For most people, attending the Nobel Prize award ceremony and banquet is a once-in-a-lifetime experience—and it comes with a very specific dress code. Female guests are requested to wear a floor-length evening gown of any style, or national dress. Male guests adhere to an even stricter code, with white tie and tails required for both the award ceremony and banquet.

Since 1930, the Nobel Prize banquet has been held in the grand Blue Hall of Stockholm City Hall, and this year's event seated 1,300 people, including 250 students. Semenza sat at the long Table of Honor, two seats away from Swedish Prime Minister Stefan Löfven and seven seats from Queen Silvia of Sweden. The hall's 65 tables were covered with some 500 meters of linen cloth, and the meticulous table setting comprised some 9,540 porcelain pieces, 5,400 glasses, and 9,450 items of cutlery. More than 40 chefs and 190 servers worked the meal, the menu of which was a well-kept secret until the moment the food was served.

After dinner, the dessert—which this year was raspberry mousse, dehydrated chocolate mousse, raspberry kissel, and raspberry sorbet—was delivered in the most grandiose of fashions. Called the dessert parade, a throng of servers descended the marble steps into the main dining hall carrying the course on silver trays with a lit sparkler as its centerpiece.

Every detail of the event was meticulously planned. More than 25,000 flowers were used at both the prize ceremony and banquet venues. They were grown in and donated from Sanremo, Italy, where Alfred Nobel spent the final years of his life. The theme of the floral decorations at City Hall was the interaction between humans and nature, the natural cycle, and our seasons. The floral decorations on the banquet's Table of Honor were a modern interpretation of a flowery summertime meadow, where the faded golden-beige tones of dried grass and seed pods were mixed with pale green shades of delicate fresh foliage.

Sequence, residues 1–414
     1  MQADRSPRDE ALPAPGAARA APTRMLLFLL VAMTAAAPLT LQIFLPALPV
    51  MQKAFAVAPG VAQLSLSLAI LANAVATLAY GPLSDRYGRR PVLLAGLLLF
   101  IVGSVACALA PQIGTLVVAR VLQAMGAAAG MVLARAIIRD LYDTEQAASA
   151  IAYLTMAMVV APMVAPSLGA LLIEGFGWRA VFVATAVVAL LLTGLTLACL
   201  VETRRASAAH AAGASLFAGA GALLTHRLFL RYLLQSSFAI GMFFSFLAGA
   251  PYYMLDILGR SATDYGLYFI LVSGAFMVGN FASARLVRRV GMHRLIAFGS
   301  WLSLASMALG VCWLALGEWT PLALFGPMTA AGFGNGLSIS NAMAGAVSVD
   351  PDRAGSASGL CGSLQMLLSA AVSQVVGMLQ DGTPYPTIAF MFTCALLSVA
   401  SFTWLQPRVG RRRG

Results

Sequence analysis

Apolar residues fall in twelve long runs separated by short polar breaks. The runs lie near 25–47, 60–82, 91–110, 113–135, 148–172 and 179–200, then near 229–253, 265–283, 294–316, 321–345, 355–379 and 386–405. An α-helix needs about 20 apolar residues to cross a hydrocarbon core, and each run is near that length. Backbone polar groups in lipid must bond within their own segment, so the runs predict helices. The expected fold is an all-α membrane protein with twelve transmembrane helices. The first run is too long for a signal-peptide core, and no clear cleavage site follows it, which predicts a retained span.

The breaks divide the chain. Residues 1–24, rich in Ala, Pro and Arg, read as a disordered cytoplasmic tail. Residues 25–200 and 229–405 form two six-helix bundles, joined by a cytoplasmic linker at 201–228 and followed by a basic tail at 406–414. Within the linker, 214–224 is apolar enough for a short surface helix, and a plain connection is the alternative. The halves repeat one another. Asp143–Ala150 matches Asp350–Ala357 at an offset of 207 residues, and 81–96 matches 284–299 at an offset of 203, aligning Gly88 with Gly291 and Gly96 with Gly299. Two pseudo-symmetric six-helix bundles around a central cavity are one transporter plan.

Photos from Stockholm

As the ceremony took place at the Stockholm Concert Hall, a group of Semenza's family, friends, and colleagues watched the event live at a parallel event held at the Grand Hotel in Stockholm. They cheered on Semenza and family each time they came on screen, raising their glasses to toast the Nobel laureate. Guests at the watch party included David Valle, Semenza's supervisor and director of the Institute of Genetic Medicine at Johns Hopkins School of Medicine. He said he was thrilled to be in Stockholm to support his friend and colleague and to participate in Nobel Week activities for the first time.

"It's been really exciting," Valle said. "We all knew that Gregg's work was super high quality and very important. It's fair to say his work has really just scratched the surface. We will continue to see a lot of related interesting discoveries coming out of this seminal set of observations. So it lifts everybody here at Johns Hopkins. It lifts the quality of science. It lifts the spirits. It lifts the sense of pride. And because Gregg has been a part of Hopkins for 33 years, it's really a recognition of Johns Hopkins genetics research."

While coffee and liqueurs were served, laureates delivered speeches of thanks after being introduced by the evening's toastmaster, Sara Tabari. The banquet concluded at roughly 9 p.m., followed by dancing in the Golden Hall, with music by the Laszlo Royale dance orchestra. The festivities did not end there, however—a nightcap after-party lasted on into the night.

On Wednesday, Semenza and his wife will have a private tour of the Vasa Museum in Stockholm and later dine with the royal family at the palace.

"And then we will be done with the pomp and circumstance," Semenza said.

After that, it's back to his "normal life," he said—or, at least, as normal as it gets for a Nobel laureate.